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Course 2023-2024 a.y.

20687 - ECONOMIC ANALYSIS OF CRIME

Department of Social and Political Sciences

Course taught in English



Go to class group/s: 31

CLMG (6 credits - II sem. - OP  |  SECS-P/01) - M (6 credits - II sem. - OP  |  SECS-P/01) - IM (6 credits - II sem. - OP  |  SECS-P/01) - MM (6 credits - II sem. - OP  |  SECS-P/01) - AFC (6 credits - II sem. - OP  |  SECS-P/01) - CLELI (6 credits - II sem. - OP  |  SECS-P/01) - ACME (6 credits - II sem. - OP  |  SECS-P/01) - DES-ESS (6 credits - II sem. - OP  |  SECS-P/01) - EMIT (6 credits - II sem. - OP  |  SECS-P/01) - GIO (6 credits - II sem. - OP  |  SECS-P/01) - DSBA (6 credits - II sem. - OP  |  SECS-P/01) - PPA (6 credits - II sem. - OP  |  SECS-P/01) - FIN (6 credits - II sem. - OP  |  SECS-P/01)
Course Director:
PAOLO PINOTTI

Classes: 31 (II sem.)
Instructors:
Class 31: PAOLO PINOTTI


Synchronous Blended: Lessons in synchronous mode in the classroom (for a maximum of one hour per credit in remote mode)

Suggested background knowledge

Students of all study programs are welcome to this class. The approach is quantitative, so a good knowledge of statistics and econometrics from introductory courses is recommended.


Mission & Content Summary
MISSION

The course introduces students to the economic analysis of crime. The analysis is based on the choice-theoretic model of crime. The empirical approach mainly focuses on causal relationships. The methods covered allow students to address questions that are relevant from a social and political perspective: Do longer prison sentences deter crimes What are the economic costs of organized crime Do the police and the judicial system discriminate against minorities What are the effects of immigration on crime How can we detect and curb corruption These are just examples of the type of questions that motivate this course. At the end of the course, students are able to go through the multiple stages of a research project on these topics.

CONTENT SUMMARY
  • Challenges to the empirical analysis of crime

                   Measuring the unmeasurable

                   Correlation vs. causation

                   Experiments and quasi-experiments

  • The rational-choice model of crime
  • The evidence on the economic model of crime: Probability of arrest

                   The effects of police presence

                   Racial discrimination in policing

                   Predictive policing

  • The evidence on the economic model of crime: Punishments

                   Deterrence and incapacitation effects of prison

                   Death penalty

                   Open prisons and electronic monitoring

  • The evidence on the economic model of crime: Legitimate income opportunities

                   Education

                   Labor market opportunities

  • Immigration and crime

                   Perceptions and reality

                   The effect of legal status on immigrants' propensity to commit crimes

  • Organized crime

                    Economic effects

                    Political effects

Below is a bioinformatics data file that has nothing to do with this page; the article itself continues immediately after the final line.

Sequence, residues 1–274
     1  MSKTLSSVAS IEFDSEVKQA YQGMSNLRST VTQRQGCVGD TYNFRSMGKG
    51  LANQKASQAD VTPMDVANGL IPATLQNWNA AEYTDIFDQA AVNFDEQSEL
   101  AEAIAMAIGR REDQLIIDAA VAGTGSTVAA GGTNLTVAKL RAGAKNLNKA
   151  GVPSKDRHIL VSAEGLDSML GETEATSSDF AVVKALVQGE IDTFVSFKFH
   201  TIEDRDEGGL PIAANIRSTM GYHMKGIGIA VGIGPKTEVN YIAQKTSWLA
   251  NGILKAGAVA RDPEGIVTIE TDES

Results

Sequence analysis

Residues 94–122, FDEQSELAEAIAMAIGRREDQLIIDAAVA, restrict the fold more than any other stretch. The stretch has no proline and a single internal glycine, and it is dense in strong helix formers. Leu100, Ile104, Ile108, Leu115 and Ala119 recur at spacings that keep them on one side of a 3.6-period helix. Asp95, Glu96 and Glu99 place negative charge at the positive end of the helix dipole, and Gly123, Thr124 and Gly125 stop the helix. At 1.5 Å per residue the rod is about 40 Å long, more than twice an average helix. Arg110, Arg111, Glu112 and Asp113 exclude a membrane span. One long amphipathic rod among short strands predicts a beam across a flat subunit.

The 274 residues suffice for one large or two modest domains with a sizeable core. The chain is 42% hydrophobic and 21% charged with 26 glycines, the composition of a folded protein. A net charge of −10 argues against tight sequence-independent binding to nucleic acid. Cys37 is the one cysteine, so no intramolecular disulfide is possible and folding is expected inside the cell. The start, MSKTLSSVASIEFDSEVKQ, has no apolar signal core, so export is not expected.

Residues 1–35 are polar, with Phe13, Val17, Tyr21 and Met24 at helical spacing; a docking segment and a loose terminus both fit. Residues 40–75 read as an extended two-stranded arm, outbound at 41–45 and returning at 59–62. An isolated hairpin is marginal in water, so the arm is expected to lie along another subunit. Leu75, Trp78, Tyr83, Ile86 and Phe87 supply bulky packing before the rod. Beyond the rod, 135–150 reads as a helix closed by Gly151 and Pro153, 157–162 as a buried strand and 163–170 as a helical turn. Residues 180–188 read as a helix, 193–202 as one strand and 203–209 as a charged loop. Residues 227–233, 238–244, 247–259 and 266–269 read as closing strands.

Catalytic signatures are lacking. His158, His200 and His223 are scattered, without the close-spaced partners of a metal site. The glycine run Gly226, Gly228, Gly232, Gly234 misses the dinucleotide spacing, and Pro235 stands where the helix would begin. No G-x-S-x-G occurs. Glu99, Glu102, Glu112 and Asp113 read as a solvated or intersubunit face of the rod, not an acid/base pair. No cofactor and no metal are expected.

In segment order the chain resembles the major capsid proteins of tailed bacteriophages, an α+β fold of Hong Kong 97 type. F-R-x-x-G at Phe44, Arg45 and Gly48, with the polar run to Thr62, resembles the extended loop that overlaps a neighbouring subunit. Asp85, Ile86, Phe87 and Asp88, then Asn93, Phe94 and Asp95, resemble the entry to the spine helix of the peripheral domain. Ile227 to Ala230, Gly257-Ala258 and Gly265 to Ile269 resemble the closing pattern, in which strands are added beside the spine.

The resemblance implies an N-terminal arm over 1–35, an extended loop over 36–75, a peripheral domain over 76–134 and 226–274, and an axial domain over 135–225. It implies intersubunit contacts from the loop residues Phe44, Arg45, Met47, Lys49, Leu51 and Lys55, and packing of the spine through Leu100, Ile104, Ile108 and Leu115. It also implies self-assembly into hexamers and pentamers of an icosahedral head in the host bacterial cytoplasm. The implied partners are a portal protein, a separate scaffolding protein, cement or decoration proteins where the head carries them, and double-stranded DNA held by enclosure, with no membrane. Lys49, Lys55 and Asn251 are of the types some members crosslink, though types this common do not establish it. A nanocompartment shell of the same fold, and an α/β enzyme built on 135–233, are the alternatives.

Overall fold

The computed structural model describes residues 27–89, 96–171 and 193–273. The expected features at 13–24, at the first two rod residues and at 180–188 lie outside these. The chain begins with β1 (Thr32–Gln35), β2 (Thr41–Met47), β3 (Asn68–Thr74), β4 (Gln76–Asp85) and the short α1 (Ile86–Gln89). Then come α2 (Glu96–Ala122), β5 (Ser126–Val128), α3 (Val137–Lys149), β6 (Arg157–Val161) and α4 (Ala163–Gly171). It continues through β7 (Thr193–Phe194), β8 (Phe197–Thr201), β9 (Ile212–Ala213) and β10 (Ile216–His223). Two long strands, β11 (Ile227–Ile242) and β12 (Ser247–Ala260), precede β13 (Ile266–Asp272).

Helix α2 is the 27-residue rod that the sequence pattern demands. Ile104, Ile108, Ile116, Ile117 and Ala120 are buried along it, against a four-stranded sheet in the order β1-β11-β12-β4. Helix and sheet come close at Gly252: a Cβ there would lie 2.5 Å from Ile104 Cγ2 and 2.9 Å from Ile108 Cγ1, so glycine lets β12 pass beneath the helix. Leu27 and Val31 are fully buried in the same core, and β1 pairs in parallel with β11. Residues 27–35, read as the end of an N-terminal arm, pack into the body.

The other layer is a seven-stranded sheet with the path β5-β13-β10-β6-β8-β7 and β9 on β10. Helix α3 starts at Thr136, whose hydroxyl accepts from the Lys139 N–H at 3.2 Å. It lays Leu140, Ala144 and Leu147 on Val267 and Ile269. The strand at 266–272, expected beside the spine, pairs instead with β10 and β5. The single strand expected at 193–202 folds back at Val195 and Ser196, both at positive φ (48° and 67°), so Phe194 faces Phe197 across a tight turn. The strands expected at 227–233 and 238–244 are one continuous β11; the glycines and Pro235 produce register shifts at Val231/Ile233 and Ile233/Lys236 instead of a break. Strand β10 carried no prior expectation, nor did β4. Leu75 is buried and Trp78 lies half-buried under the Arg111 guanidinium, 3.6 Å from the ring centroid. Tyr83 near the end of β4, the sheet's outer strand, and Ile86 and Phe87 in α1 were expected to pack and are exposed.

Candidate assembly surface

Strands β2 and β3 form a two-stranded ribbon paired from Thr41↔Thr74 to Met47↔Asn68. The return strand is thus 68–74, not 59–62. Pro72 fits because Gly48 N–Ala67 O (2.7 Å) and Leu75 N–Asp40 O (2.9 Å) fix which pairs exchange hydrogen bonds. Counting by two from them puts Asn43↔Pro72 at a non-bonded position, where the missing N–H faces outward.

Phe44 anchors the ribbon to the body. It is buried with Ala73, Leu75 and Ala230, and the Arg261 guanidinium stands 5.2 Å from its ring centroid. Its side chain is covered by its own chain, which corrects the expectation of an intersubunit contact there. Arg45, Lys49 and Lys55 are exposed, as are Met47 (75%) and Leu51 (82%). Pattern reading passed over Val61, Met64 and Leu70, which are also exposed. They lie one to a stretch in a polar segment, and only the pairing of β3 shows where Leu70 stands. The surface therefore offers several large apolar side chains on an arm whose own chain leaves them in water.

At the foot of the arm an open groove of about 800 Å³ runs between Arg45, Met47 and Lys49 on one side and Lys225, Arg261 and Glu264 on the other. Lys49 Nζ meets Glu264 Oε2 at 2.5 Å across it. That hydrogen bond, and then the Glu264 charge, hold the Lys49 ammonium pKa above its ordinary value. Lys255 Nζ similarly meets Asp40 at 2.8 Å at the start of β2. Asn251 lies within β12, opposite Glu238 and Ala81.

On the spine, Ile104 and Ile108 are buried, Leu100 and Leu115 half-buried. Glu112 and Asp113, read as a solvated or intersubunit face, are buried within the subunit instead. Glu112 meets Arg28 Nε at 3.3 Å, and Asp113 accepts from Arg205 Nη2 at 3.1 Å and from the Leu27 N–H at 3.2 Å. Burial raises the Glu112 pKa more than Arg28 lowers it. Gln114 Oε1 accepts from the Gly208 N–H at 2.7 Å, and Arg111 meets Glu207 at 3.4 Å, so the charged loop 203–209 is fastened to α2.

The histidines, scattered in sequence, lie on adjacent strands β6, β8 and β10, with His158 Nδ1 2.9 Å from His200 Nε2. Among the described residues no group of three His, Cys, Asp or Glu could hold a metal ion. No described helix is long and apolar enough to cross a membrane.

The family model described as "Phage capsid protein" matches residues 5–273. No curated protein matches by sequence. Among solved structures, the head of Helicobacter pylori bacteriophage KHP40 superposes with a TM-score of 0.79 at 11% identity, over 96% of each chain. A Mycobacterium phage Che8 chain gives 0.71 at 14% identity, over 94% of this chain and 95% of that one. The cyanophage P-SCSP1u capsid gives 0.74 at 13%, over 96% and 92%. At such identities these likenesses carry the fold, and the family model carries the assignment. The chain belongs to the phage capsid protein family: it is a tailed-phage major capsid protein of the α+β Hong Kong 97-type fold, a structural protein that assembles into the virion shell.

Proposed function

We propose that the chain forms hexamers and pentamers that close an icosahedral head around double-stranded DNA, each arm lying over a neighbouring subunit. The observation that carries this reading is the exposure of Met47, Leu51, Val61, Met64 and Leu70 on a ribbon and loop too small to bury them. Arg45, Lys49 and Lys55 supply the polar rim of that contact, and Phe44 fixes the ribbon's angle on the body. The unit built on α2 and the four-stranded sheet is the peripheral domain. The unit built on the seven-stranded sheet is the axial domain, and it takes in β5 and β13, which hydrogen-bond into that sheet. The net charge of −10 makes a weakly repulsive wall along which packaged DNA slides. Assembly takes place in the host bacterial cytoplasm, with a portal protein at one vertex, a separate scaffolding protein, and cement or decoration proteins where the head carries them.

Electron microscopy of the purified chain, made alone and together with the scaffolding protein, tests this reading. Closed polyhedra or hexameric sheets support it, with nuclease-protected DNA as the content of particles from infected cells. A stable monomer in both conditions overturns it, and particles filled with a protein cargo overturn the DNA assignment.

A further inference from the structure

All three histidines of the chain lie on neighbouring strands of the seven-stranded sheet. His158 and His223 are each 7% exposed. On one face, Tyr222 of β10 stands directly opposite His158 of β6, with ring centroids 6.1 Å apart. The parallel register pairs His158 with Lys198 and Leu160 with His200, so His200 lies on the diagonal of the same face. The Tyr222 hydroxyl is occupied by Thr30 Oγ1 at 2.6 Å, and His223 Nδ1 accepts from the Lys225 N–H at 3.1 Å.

• Corruption
  • Drug policy

                    Effects in destination countries: The opioid epidemics in the US

                    Effects in origin countries: Drug wars in Mexico

  • Miscellaneous topics

                    The "More guns, less crime" hypothesis

                    Abortion and crime


Intended Learning Outcomes (ILO)
KNOWLEDGE AND UNDERSTANDING
At the end of the course student will be able to...
  • Understand research papers on crime-related issues.
  • Identify interesting research questions in the same field.
  • Develop and illustrate a research project.
APPLYING KNOWLEDGE AND UNDERSTANDING
At the end of the course student will be able to...
  • Intepret previous evidence on the causes and consequences of crime.
  • Evaluate the impact of anti-crime policies.
  • Develop research projects in this field.

Teaching methods
  • Face-to-face lectures
  • Online lectures
  • Guest speaker's talks (in class or in distance)
  • Group assignments
DETAILS
  • Guest speaker's talks (in class) by policy makers and practitioners involved in anti-crime policies.
  • Group assignments: preparation and presentation of a research proposal.

Assessment methods
  Continuous assessment Partial exams General exam
  • Written individual exam (traditional/online)
  •     x
  • Group assignment (report, exercise, presentation, project work etc.)
  •     x
    ATTENDING STUDENTS

    The final grade is based on written final exam and group presentations. Groups consisting of 3-4 students would be formed at the beginning of the course. Each group:

    • Discuss a paper among those included in the reference list.
    • Present a research project proposal at the end of the course.

    The final grade is determined as the maximum between:

    • The grade obtained in the final written exam; the weighted average of the final written exam (50%), the grade in the paper discussion (10%), and the presentation of the group project (40%).
    • Using this rule, problem sets and group presentations provide an insurance against having a bad day on the exam day.
    NOT ATTENDING STUDENTS

    The final grade is based on a written exam testing the students' capability to interpret previous evidence on the causes and consequences of crime.

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